Eli Lilly has suffered a bit of a setback after advisors to the US regulator voted against recommending Solpura for approval as a non-porcine pancreatic enzyme replacement therapy.
Lilly is hoping that Solpura (liprotamase), developed by its Alnara Pharmaceuticals subsidiary, will be the the first treatment not based on pig enzymes to get the green light to help a subset of pancreatic patients digest their food. Porcine-derived products already on the market include versions of pancrelipase, sold by Abbott Laboratories, Johnson & Johnson and Eurand (see today's Nycomed story).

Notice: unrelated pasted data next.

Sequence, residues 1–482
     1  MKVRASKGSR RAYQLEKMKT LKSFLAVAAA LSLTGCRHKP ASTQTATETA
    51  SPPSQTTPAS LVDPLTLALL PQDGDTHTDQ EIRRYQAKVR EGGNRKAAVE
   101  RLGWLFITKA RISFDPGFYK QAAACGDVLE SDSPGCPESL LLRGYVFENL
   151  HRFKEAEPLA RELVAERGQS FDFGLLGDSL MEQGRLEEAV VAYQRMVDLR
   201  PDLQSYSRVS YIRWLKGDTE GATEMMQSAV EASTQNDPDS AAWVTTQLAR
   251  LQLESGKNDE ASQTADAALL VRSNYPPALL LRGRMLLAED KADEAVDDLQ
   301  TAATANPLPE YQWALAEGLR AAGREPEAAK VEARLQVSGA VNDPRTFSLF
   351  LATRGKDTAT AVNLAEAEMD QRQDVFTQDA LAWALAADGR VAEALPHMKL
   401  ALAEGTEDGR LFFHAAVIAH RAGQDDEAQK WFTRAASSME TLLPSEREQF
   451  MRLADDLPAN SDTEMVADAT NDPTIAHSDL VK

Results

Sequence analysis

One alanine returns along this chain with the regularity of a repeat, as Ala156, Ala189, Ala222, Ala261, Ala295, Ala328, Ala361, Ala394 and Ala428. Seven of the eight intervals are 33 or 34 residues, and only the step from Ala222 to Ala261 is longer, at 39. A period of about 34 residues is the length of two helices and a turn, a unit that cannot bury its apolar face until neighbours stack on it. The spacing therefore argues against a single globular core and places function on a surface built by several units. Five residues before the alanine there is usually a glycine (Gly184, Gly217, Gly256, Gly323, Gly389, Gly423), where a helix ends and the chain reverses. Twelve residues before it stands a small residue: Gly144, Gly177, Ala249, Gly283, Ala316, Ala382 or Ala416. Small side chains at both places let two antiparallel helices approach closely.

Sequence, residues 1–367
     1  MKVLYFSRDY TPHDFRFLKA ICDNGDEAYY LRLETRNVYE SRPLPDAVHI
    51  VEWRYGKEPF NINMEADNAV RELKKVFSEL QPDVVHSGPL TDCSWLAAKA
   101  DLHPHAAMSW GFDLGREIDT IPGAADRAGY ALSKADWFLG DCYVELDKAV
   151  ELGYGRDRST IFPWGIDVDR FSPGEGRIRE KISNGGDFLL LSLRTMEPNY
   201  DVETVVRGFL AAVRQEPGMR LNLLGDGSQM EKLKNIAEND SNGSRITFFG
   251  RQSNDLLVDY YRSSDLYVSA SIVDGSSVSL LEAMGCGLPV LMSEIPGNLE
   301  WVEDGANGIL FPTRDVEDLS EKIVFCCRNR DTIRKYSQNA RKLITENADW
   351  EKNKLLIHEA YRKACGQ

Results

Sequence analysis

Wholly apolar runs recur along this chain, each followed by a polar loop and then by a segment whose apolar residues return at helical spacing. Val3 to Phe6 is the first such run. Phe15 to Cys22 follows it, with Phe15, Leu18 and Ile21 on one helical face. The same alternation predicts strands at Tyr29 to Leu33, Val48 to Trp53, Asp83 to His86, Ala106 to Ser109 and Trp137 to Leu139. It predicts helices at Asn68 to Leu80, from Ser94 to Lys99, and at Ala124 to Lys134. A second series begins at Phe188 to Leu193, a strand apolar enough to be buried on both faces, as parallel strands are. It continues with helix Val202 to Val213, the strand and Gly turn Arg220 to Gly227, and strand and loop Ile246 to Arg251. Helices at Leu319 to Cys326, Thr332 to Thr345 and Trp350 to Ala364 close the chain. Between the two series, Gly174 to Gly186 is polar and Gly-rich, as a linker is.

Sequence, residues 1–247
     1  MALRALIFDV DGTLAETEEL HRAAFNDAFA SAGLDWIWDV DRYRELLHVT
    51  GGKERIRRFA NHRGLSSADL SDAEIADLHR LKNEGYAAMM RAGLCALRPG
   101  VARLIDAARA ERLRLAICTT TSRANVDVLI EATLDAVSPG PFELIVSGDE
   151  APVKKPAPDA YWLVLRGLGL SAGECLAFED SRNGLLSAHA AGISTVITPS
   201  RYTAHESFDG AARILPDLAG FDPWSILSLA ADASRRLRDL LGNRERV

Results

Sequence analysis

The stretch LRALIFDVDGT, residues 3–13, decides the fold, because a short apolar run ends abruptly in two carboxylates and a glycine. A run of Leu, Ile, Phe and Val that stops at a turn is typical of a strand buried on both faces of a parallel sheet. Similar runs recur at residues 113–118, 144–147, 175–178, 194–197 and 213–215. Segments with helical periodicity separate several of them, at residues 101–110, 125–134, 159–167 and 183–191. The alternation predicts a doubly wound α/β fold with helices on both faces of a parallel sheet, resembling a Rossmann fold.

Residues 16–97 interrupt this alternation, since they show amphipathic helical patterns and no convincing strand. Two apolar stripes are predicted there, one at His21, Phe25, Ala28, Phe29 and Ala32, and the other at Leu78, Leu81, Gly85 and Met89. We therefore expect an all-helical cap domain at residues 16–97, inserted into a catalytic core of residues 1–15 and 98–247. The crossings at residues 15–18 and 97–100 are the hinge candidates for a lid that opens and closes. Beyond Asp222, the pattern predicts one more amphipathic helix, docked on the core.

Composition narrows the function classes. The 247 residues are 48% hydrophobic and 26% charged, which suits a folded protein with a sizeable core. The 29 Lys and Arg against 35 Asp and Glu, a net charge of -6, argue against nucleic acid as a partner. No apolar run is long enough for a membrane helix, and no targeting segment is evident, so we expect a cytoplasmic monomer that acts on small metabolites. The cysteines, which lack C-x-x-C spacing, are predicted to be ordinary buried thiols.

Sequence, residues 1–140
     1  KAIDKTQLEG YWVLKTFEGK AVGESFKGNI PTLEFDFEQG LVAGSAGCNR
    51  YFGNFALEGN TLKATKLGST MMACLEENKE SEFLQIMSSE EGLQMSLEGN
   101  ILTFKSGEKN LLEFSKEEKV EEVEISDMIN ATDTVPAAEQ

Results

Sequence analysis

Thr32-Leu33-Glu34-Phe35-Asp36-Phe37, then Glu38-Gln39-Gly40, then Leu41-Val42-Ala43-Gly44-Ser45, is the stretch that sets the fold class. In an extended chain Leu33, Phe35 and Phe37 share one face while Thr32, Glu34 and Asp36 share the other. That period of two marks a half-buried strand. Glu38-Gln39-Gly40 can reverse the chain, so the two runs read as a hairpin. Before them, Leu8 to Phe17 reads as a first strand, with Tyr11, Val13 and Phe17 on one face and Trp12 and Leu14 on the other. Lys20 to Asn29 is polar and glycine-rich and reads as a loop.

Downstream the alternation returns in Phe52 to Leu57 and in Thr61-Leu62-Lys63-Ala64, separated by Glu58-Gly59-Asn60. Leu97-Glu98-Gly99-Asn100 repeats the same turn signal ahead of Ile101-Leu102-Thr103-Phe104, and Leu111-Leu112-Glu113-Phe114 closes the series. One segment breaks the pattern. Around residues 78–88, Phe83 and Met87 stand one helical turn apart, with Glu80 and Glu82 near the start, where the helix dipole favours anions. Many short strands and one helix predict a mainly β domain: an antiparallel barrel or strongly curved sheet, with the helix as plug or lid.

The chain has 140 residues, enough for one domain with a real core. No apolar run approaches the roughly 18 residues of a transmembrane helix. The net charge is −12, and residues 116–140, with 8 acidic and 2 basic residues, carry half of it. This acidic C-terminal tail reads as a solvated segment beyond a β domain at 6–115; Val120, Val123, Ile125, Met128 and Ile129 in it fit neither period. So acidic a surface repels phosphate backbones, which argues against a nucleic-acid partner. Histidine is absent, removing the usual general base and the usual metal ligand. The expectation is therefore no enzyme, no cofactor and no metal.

However, the US Food and Drug Administration's Gastrointestinal Drugs Advisory Committee voted 9-3 that the data submitted did not provide substantial evidence of efficacy as a treatment of exocrine pancreatic insufficiency in patients with cystic fibrosis, chronic pancreatitis, pancreatectomy or other conditions. The panel also voted 7-4 (with one abstention) as to whether Solpura's risks outweighed its benefits, and recommended that additional studies be conducted prior to considering approval of liprotamase for EPI.
Eiry Roberts, head of liprotamase development at Lilly, said "we appreciate the feedback the committee has provided, and we will continue to work with the FDA to address the questions raised in the meeting". She added that "we remain confident in the clinical trial data package".